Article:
Semiconductors

Gallium arsenide
Titanium dioxide
Carbon nanotubes
Graphene

Semiconductors are materials that fall between conductor and insulator. Semiconductors have band gaps and therefore are not traditional “conductors”  but the band gap is not big enough to be a proper insulator. This property is actually extremely useful and a large portion of current technology uses semiconductors.  Semiconductors, like silicon, are used in solar cells and solar panels. If an incoming ray of light, or photon, has energy higher than the band gap of silicon (1 eV) then an electron will have enough energy to move from the valence band to the conduction band.  Silicon semiconductors are also used in computers. The silicon will not conduct low level electrons but allows higher energy electrons to pass, giving the binary “1” signal.

Semiconductors can be doped, or have small amounts of impurities added, to give them specific characteristics. Most commonly, semiconductors are doped to make either negative type (n-type) or positive type (p-type) semiconductors. N-type semiconductors have excess electrons whereas p-type have a deficiency of electrons. When p-type and n-type semiconductors are placed next to each other it helps establish directed flow in a device. This is called a p-n junction. This flow is important in transistors and diodes. Most people are familiar with diodes, especially light emitting diodes or LEDs. Diodes consist of a simple p-n junction. This p-n junction allows the current to flow in one direction but not the other. A diagram of how diodes and p-n junctions function can be seen in figure 3. In solar cells, once an electron is moved to the conduction band in the absorption layer it creates a positive “hole” in the valence band and a negative charge in the conduction band. These charges need to flow somewhere or they will recombine and the photon’s energy will be wasted. P-type and n-type semiconductors are layered into solar cells to allow the electron to flow towards the p-type materials and the electron hole to flow towards the n-type material creating a current and electricity. This is a simply written but more detailed description on how semiconductors work.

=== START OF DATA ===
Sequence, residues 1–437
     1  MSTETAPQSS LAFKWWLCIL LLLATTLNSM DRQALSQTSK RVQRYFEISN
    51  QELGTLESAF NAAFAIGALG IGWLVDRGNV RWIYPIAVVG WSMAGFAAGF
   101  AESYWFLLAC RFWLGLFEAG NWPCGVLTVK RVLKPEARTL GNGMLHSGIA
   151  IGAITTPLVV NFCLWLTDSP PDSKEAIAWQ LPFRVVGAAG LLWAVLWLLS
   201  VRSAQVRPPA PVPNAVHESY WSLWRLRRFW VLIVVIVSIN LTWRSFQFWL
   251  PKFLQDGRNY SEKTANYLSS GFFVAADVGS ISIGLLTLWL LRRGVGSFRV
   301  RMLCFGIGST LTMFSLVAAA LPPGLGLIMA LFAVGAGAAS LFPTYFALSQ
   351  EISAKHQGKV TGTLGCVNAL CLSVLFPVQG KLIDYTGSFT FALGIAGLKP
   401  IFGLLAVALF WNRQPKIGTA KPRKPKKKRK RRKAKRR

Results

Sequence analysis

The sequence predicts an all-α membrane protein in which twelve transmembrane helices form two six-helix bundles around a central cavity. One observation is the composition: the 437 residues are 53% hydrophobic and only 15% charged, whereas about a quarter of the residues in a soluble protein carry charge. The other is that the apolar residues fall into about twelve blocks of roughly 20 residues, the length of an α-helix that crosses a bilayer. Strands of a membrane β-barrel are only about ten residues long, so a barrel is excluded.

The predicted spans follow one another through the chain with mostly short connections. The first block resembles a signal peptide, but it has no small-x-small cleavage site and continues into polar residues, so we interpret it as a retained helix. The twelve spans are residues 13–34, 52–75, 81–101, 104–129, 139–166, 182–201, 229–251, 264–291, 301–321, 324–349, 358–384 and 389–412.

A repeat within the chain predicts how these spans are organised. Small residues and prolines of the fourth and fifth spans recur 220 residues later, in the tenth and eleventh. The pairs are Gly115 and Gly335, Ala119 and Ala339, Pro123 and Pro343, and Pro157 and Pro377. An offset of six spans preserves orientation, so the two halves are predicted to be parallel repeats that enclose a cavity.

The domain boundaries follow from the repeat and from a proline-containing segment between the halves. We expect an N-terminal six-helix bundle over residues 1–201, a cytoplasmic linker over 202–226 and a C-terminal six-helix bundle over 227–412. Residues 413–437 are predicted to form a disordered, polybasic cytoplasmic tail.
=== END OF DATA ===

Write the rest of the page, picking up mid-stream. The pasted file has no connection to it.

http://electronics.howstuffworks.com/diode.htm

Silicon is used because the synthesis is well known and already done by a number of large factories and the materials are earth abundant. Pure silicon is made through the Czochralski process, where SiO2 or other Si sources are melted at extremely high temperatures, then a rod is dipped into the molten silicon and pulled out slowly. As the silicon cools it creates a pure single crystal of silicon that can be cut into wafers and made into microchips or solar panels.